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  • March garden tips & tasks

    If your fescue lawn looks a little skimpy, overseed early this month. Fescue grows best when the weather is still cool.

    Clip dead stems from perennial herbs – thyme, sage, lavender, rosemary. Pruning encourages vigorous new growth.

    Prune nandinas, flowering quince and other airy shrubs by reaching in and removing about a third of the branches at ground level.

    Remove mulch or leaves that may be covering perennials in garden beds.

    Prepare a new garden bed: Have the soil tested (check with your county’s Extension service). Remove grass and dig or till soil 8 to 10 inches deep and mix with soil amendments and organic matter to improve drainage.

    Add fertilizer lightly to perennials as soon as you see new growth. Too much fertilizer may result in lanky growth.

    Herb transplants that don’t mind cool weather -- parsley, cilantro, sage, oregano – can go in the ground now.

    When you cut daffodils to bring inside, cut the stems at an angle and place them in water right away. Change the water in the vase daily to keep them fresh longer.

    Save the date - Middle Tennessee garden events

    The Perennial Plant Society's annual Plant Sale will be April 8, opening at 9 a.m. at The Fairgrounds Nashville. The sale offers newly released and hard-to-find perennials from top local nurseries -- more than 450 varieties of perennials, vines, grasses, shrubs and annuals. The event supports local scholarships for Tennessee horticulture students and monthly gardening programs, open to the public, at Cheekwood Botanical Gardens. For information visit www.ppsmtn.org.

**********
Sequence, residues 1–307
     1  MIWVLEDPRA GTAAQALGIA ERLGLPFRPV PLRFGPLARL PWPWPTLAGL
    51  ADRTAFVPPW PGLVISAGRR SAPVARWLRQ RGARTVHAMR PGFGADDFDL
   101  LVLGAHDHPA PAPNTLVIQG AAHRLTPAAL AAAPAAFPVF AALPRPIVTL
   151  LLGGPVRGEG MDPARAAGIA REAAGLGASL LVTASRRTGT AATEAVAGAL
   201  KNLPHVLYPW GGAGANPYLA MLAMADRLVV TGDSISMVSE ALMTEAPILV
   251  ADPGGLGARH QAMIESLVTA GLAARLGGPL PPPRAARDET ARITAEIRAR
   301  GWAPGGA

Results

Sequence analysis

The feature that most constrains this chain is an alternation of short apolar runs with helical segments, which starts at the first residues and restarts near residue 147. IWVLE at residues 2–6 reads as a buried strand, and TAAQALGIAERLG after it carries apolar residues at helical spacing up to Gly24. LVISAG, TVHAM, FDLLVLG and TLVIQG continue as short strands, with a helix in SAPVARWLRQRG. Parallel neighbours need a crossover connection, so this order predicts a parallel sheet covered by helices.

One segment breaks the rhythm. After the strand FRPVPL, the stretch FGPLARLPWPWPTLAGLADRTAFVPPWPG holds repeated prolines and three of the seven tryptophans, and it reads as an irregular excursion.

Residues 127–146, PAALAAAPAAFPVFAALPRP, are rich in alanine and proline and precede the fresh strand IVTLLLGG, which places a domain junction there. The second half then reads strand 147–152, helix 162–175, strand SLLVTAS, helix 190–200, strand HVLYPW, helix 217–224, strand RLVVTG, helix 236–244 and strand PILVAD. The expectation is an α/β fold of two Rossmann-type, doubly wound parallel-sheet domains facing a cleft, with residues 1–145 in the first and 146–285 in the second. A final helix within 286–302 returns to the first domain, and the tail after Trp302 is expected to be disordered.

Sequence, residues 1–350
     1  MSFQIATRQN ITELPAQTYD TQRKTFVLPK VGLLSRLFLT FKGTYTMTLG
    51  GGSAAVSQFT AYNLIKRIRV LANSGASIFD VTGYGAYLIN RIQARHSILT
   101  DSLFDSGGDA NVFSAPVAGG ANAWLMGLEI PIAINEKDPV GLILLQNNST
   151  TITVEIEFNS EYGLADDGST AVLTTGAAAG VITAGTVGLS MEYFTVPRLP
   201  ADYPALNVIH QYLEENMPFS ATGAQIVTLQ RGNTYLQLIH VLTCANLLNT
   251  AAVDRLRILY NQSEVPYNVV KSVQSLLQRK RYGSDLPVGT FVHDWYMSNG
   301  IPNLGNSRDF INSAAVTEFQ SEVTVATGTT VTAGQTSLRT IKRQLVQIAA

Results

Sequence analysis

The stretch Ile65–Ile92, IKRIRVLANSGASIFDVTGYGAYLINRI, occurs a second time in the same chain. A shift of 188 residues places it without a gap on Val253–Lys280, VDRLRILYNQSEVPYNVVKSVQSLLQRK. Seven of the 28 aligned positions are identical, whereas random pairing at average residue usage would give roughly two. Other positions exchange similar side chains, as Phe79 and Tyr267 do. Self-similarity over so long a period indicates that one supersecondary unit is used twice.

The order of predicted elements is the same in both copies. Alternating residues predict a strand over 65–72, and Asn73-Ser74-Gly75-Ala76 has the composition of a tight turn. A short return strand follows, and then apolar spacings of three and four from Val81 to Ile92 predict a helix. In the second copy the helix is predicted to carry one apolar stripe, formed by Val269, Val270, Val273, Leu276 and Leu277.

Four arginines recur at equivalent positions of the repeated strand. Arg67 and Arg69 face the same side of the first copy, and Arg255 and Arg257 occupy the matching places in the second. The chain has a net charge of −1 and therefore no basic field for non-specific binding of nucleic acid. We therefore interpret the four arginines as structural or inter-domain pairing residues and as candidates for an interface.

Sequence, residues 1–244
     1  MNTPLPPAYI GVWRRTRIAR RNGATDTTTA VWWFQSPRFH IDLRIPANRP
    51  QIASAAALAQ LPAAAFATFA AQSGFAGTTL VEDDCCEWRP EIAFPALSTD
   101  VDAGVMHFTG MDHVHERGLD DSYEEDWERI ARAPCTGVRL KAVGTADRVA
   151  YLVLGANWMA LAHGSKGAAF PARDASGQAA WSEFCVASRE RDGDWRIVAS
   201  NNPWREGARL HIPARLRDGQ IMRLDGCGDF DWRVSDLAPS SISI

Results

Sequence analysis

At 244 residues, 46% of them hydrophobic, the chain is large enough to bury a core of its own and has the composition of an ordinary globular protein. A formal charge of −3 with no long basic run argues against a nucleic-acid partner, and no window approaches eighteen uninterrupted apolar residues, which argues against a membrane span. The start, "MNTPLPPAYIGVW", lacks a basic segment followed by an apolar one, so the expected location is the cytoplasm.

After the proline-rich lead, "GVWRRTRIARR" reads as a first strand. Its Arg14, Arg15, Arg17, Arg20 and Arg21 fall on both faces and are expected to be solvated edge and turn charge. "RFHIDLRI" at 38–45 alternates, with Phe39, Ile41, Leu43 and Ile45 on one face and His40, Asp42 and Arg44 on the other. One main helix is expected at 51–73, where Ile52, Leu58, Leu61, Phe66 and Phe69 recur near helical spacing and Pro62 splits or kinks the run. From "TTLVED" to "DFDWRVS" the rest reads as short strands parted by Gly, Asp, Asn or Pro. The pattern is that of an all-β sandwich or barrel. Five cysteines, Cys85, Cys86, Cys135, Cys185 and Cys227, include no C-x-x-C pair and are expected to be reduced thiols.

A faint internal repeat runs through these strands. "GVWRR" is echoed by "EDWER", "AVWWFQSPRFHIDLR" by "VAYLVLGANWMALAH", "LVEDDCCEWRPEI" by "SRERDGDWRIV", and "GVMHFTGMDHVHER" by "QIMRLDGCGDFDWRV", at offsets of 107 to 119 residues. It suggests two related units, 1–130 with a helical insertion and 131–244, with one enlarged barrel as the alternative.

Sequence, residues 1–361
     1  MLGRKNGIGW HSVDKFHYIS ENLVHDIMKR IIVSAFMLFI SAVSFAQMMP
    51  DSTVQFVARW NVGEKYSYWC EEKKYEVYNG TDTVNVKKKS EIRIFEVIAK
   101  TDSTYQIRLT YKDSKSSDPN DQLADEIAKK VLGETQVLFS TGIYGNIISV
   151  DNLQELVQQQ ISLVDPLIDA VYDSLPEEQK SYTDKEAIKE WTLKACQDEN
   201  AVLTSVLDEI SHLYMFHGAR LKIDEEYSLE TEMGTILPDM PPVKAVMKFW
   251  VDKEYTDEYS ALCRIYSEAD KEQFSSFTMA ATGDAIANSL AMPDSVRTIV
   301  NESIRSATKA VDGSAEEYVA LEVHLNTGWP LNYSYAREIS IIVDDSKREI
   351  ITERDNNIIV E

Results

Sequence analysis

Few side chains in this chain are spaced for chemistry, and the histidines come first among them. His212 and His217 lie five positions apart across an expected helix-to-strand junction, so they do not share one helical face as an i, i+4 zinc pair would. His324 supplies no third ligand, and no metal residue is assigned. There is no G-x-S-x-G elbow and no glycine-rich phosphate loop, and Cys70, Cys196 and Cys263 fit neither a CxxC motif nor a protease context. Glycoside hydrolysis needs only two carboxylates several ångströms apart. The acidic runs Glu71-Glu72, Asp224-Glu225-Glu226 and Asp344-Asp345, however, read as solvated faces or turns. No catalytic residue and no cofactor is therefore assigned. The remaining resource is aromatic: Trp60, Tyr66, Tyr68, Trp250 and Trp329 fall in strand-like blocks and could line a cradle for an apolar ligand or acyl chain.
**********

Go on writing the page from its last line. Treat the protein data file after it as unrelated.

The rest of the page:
The Herb Society of Nashville's annual Herb Sale will be April 29, 9 a.m. - 2 p.m. at The Fairgrounds Nashville. The sale will offer heirloom vegetables, rare varieties of perennial and annual herbs, handmade pottery herb markers and more. To learn more, visit herbsocietynashville.org.

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Plan your squirrel deterrents

We’re about to plant tomatoes again in our small garden, and it reminds me that last year the squirrels got most of the tomatoes before they had a chance to get ripe. Is there anything we can do to keep that from happening again?

This tomato might be tempting to a thirsty squirrel.

This tomato might be tempting to a thirsty squirrel.

When you find that several of your green tomatoes has disappeared from the vine overnight, it’s a pretty good bet the squirrels have been at work. What’s even worse is finding half-eaten green tomatoes on the ground. I’ve had it happen, and I’m sure most other tomato gardeners have, as well.
Suggested deterrents range from blood meal or cayenne pepper sprinkled on the ground around the garden, to bird netting cages built to enclose the plants as they grow.
Some gardeners say that they leave a pan of water near the garden to provide the moisture the squirrels are looking for, hoping they’ll leave the tomatoes alone. Others hang aluminum pans and other shiny objects around the garden to scare the squirrels away. Those things may work for a little while, but squirrels are pretty clever and will realize quickly that they’re harmless, so it’s not a long-term solution. Last year, I draped a large inflatable snake over one of the cages, and that may have spooked them a bit; I moved the snake around every couple of days to try to keep them guessing.
Other ideas? Readers of The Garden Bench: If you’ve tried things that work to keep squirrels from grabbing the tomatoes, tell about them in the comments. They’re ideas worth sharing before tomato season arrives.

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